5 Things to Know About Test-Optional Colleges

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“As I’ve argued elsewhere, submitting SAT and ACT scores routinely increases students’ chances of being admitted to college, receiving more financial aid and placing out of remedial and introductory courses — even at test-optional universities. The use of the term “optional” is irresponsible because it obscures the very real benefits students can gain from preparing for the test and submitting their scores.”

~Yoon S. Choi, Inside Higher Education

The test-optional movement has gained momentum, as colleges try and adjust to the impact of COVID-19. The pandemic precluded the administration of the March 19th SAT in many locations and all SAT/ACT test dates in April and May were cancelled. The College Board eliminated the June test and the ACT set up alternative test dates for June and July. (And those are looking less viable as summer looms). While the ACT and the College Board adjusted, colleges took measures to try and alleviate stress for students and create options for applicants that might not have the opportunity to sit for the test. One of those steps was to become either test-optional or test-blind. Another was to eliminate the required or recommended SAT Subject Area Tests. Here are a few thoughts on this development:

  1. Test-Optional is not test-blind. Amidst all of these changes, it is important to note the difference between test-optional and test-blind. A school that announces that they are test blind, like Loyola New Orleans, is not going to include any standardized testing as part of the student’s file. Here is an excerpt from their admissions website:
    “Loyola has adopted a test blind admissions process. This means that we do not require a standardized test score for our admission application and we will not consider a test score, should a student choose to submit one. In test-blind admissions, the SAT or ACT score is not considered for admission or merit scholarship decisions. This will allow the admission process to be more focused on GPA, academic rigor, student involvement and the student’s personal statement. Read our test blind FAQs to learn more about our admissions process. “If you are applying to a school that is test-blind, students with test scores do not have any advantage. Standardized test are not part of the application at a test-blind school. This is an important distinction.

2. Test-optional does not mean that test scores do not matter. Test-optional schools will still look at students that have scores and if the results are good, those students might  have an edge. Cornell University has offered a test-optional plan for 2021 but on their website it says:

         “As appears to be true at test-optional colleges and universities, we anticipate that                     many students who will have had reasonable and uninterrupted opportunities to take the ACT and/or SAT during 2020 administrations will continue to submit results, and those results will continue to demonstrate preparation for college-level work.”

Students with good test scores will have an advantage at test-optional schools. This should not be a surprise. The colleges have made an effort to alleviate stress by offering a test-optional plan in these unprecedented times but the reality is that strong test scores will always be well-received.

3. Athletes might need scores at a test-optional school. Cornell explicitly states on their website that while they are offering a one year relief from requiring test scores, as a member of the Ivy League, athletes will still be obligated to submit test scores. If you are a recruited athlete, you need to communicate with your school to determine if standardized test scores are required.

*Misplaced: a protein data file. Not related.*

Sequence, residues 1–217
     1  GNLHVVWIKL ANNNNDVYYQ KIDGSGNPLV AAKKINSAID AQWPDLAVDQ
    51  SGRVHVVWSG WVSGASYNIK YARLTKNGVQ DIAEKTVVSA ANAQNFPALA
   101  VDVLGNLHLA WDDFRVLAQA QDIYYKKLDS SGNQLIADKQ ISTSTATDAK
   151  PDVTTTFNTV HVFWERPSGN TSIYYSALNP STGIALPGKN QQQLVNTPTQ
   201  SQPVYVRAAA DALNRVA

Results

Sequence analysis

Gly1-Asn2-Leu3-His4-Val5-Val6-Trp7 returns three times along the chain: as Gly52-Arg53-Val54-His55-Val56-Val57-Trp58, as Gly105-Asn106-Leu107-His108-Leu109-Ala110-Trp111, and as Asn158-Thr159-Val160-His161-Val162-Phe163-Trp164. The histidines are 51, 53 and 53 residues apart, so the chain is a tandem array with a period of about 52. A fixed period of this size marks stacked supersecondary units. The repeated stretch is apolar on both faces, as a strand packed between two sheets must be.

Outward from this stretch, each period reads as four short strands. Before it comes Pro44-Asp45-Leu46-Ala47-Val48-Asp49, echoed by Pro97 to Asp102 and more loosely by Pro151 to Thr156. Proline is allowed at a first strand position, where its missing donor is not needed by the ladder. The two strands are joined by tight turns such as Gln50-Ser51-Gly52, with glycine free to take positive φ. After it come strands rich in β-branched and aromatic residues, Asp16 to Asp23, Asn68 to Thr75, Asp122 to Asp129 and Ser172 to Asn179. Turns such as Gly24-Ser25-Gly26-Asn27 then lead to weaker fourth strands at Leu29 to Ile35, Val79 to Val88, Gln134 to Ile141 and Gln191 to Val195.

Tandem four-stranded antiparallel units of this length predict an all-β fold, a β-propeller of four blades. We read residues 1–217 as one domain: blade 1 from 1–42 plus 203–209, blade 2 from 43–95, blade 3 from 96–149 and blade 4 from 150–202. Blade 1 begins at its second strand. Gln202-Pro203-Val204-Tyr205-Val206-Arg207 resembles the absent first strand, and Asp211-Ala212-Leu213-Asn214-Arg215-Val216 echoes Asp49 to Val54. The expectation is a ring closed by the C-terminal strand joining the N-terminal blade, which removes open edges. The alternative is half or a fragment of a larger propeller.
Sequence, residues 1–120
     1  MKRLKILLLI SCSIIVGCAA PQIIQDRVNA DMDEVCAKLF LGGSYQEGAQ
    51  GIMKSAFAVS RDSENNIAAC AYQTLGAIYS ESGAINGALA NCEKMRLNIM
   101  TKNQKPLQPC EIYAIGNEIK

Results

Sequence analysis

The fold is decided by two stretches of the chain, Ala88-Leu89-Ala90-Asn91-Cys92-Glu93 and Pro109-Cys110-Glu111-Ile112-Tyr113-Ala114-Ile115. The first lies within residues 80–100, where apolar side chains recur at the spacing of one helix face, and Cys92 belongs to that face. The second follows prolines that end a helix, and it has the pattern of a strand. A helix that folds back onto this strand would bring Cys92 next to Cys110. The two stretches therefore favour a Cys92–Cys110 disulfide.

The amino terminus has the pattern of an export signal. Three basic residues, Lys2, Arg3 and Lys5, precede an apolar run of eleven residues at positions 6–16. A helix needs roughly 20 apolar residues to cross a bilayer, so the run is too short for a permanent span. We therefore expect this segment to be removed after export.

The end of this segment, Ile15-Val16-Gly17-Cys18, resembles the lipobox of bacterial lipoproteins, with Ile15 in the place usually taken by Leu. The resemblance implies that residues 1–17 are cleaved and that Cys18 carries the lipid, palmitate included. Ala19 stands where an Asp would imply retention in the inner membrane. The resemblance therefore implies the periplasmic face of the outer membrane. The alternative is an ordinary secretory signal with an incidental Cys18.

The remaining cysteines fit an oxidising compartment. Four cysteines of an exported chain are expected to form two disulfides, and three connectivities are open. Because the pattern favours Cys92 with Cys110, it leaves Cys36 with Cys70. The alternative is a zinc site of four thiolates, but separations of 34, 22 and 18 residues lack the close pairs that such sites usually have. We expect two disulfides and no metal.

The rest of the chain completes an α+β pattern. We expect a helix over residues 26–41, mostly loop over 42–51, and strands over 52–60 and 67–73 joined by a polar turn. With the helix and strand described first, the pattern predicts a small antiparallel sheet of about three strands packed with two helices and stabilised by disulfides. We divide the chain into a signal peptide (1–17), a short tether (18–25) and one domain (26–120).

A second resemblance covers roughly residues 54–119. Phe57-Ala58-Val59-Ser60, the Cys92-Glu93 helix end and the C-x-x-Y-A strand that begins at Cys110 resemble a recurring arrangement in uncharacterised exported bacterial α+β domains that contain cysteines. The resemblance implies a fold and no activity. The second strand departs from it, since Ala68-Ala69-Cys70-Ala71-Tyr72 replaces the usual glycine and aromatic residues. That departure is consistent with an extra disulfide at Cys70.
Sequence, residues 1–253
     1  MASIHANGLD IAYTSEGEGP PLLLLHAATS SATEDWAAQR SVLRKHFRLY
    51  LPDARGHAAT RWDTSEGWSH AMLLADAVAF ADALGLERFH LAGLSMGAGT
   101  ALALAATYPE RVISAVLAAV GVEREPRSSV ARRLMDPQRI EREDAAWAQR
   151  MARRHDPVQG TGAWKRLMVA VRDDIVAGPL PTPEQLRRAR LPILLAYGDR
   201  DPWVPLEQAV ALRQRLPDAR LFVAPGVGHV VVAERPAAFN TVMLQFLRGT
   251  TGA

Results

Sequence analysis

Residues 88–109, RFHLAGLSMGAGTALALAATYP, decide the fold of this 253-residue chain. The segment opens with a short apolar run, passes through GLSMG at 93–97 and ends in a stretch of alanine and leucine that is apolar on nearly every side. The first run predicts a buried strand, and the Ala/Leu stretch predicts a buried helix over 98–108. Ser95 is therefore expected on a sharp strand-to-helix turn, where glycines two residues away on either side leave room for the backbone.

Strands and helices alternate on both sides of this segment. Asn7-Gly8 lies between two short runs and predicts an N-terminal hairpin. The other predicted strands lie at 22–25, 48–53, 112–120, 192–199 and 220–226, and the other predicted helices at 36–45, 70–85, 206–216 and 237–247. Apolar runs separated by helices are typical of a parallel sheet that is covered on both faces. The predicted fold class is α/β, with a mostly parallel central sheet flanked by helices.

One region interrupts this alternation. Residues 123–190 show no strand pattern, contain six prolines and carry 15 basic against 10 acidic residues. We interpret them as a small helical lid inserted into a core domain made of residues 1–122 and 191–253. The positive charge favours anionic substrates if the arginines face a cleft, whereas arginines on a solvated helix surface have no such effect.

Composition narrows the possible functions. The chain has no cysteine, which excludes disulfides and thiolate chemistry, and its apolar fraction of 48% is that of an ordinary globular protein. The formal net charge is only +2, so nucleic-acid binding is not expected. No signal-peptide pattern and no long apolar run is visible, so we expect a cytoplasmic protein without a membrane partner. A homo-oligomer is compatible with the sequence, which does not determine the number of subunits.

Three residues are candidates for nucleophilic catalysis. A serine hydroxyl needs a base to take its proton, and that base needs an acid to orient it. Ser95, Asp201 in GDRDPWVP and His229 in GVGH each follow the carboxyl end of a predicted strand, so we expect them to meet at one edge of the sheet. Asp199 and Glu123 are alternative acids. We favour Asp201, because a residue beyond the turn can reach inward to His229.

4. Merit scholarships are often based on test scores. If you are applying to colleges and counting on being considered for merit scholarships, you will want to reach out to individual institutions to determine if standardized tests must be submitted to be awarded a scholarship or if they will evaluate your profile for an award without test scores.

5. The University of California system has been exploring the elimination of the ACT/SAT. If this happens we might see a turn of the tide where the standardized testing machine goes the way of the dinosaur. Lynn O’Shaughnessy writes about this here and you can also read about it here, in Inside Higher Education.

I applaud the colleges for turning on a dime and taking steps to allay stress for students. I will wrap this up with another quote from the article that I cited at the beginning of this post, from Yoon S. Choi’s piece in Inside Higher Education, “Words Matter“.

 “…we shouldn’t keep calling the test “optional” when we know a good score will increase students’ chances of getting into college, paying for college and graduating on time.

What is the takeaway here? We can only do as much as we can but I am advising my students to make every effort to sit for the SAT or the ACT in the fall and try to earn the best score that they can.

 

Why is May 1st Significant in College Admissions?

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May 1st means several things to me and in the Stay-At-Home/Pandemic era, it just feels good to turn a page in the calendar. But, May 1st has traditionally been the National Decision Day for high school seniors to commit to the college that they will attend in the fall. This year many schools have extended the deposit date to accommodate the uncertain times, so if you know a senior, they might not have made a final decision because the schools that they are considering have moved the date to June 1st or beyond. And for me personally, it is the day that I opened my office last year. I took a sweet, compact room and tried to create a cozy, comfortable space to meet with students and help them on the road to college. (And yes, I can say I have a corner office!)